Decisions are expedited through multiple neural adjustments spanning the sensorimotor hierarchy

Dr. Natalie Steinemann, Prof. Redmond O'Connell, Dr. Simon Kelly

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Oct 19, 2017
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Received: 27th September 17

When decision makers prioritize speed over accuracy, neural activity is elevated in brain circuits involved in preparing actions. Such “urgency” signal components, defined by their independence from sensory evidence, are observed even before evidence is presented and can grow dynamically during decision formation. Is urgency applied globally, or are there adjustments of a distinct nature applied at different processing levels? Using a novel multi-level recording paradigm, we show that dynamic urgency impacting cortical action-preparation signals is echoed downstream in electromyographic indices of muscle activation, but does not directly influence upstream cortical levels. A motor-independent representation of cumulative evidence reached lower pre-response levels under conditions of greater motor-level urgency, paralleling a decline in choice accuracy. At the sensory level itself, we find a boost in differential evidence, which is correlated with changes in pupil size and acts to alleviate, rather than contribute to, the overall accuracy cost under speed pressure.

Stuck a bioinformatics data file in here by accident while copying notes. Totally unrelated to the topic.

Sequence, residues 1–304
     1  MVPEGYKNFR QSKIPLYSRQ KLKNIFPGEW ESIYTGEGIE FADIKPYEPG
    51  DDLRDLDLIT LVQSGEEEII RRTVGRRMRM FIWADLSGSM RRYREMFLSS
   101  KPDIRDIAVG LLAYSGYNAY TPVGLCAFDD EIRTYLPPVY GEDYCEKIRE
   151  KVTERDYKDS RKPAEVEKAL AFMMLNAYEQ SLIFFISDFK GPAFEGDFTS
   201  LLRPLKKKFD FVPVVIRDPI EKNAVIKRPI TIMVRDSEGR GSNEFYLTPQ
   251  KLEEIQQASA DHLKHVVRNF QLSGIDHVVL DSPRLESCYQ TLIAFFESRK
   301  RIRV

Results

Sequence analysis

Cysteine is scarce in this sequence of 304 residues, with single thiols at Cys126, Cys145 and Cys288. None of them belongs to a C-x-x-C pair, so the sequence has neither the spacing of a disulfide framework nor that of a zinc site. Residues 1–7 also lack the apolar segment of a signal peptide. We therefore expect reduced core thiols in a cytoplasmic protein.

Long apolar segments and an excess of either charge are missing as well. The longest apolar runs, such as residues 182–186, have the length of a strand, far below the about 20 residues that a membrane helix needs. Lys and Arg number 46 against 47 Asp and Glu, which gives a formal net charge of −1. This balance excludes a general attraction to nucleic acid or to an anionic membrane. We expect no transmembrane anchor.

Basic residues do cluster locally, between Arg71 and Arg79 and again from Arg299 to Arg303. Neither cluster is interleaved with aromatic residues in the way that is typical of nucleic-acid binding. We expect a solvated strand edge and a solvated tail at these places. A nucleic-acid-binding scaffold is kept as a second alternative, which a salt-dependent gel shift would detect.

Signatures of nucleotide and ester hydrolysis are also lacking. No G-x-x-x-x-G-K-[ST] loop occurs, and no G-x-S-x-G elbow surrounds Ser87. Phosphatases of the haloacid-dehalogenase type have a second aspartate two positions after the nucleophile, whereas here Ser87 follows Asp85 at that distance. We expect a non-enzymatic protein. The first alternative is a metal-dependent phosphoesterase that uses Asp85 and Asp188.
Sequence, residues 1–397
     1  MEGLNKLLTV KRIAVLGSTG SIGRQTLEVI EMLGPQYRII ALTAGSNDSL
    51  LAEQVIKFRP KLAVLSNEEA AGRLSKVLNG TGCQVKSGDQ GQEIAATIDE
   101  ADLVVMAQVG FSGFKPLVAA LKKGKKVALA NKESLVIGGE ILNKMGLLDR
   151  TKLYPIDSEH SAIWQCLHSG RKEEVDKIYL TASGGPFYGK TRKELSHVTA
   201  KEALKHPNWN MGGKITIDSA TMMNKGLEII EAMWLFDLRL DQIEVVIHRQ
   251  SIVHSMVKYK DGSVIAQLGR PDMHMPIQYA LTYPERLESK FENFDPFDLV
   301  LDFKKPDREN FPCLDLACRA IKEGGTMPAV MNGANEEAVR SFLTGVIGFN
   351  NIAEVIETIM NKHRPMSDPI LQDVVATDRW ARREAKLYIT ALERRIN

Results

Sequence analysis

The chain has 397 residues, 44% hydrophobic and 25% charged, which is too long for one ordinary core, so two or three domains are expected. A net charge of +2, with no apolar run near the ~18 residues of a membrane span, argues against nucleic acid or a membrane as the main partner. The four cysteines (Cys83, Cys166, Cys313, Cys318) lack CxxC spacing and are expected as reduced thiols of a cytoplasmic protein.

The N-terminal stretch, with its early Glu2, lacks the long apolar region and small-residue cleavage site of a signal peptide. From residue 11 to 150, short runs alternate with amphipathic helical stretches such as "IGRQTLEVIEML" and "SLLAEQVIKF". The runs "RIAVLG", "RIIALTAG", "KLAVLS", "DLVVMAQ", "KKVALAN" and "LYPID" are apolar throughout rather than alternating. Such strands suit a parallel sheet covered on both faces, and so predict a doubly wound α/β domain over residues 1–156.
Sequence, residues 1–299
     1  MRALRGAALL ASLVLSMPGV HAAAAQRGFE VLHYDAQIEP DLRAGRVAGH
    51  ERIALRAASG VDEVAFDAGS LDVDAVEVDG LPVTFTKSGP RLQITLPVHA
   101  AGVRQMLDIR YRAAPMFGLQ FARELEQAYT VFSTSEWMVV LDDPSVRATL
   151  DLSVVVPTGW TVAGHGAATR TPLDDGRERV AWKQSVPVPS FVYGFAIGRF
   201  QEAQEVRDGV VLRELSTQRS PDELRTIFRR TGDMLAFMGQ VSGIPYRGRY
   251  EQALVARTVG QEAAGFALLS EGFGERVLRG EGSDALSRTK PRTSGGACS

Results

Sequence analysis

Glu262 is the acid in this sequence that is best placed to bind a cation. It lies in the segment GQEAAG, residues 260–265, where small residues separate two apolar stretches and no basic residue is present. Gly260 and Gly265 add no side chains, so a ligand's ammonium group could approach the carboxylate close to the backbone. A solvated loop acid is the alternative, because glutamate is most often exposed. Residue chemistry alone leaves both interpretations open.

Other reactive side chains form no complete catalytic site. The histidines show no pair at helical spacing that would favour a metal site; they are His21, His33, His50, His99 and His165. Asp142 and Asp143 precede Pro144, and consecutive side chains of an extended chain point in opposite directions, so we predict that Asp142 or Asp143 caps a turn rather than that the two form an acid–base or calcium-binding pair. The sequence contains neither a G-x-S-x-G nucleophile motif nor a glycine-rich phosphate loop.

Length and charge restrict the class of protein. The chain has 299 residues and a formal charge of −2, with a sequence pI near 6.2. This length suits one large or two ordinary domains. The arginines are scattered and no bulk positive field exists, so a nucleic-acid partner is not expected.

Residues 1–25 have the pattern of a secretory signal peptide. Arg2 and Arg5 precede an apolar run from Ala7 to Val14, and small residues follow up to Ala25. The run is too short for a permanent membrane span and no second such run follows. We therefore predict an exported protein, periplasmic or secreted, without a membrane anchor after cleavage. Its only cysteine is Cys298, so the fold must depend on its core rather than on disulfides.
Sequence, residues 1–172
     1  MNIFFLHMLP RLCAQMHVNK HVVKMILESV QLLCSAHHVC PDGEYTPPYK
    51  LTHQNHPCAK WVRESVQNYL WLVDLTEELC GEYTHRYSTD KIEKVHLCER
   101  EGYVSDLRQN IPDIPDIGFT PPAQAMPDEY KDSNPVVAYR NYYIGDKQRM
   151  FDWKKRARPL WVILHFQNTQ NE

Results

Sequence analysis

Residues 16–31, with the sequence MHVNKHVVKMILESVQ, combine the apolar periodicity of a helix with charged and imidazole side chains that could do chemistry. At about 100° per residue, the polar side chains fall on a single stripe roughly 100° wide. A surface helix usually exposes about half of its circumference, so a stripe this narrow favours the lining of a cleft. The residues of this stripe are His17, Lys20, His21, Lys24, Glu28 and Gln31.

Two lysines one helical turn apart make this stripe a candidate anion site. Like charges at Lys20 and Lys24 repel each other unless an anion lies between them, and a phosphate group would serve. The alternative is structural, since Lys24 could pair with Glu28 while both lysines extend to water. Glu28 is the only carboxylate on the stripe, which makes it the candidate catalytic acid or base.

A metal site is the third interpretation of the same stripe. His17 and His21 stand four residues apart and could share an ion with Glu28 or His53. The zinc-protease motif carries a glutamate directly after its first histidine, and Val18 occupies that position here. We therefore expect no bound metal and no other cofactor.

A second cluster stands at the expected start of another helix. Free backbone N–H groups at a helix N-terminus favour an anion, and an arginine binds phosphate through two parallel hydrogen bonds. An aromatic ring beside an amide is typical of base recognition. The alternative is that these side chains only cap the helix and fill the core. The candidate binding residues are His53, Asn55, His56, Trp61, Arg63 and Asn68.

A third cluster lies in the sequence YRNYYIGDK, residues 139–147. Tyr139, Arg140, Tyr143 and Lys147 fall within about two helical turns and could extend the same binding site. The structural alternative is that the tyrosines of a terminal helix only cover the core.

Read in full at bioRxiv.

This is an abstract of a preprint hosted on an independent third party site. It has not been peer reviewed but is currently under consideration at Nature Communications.

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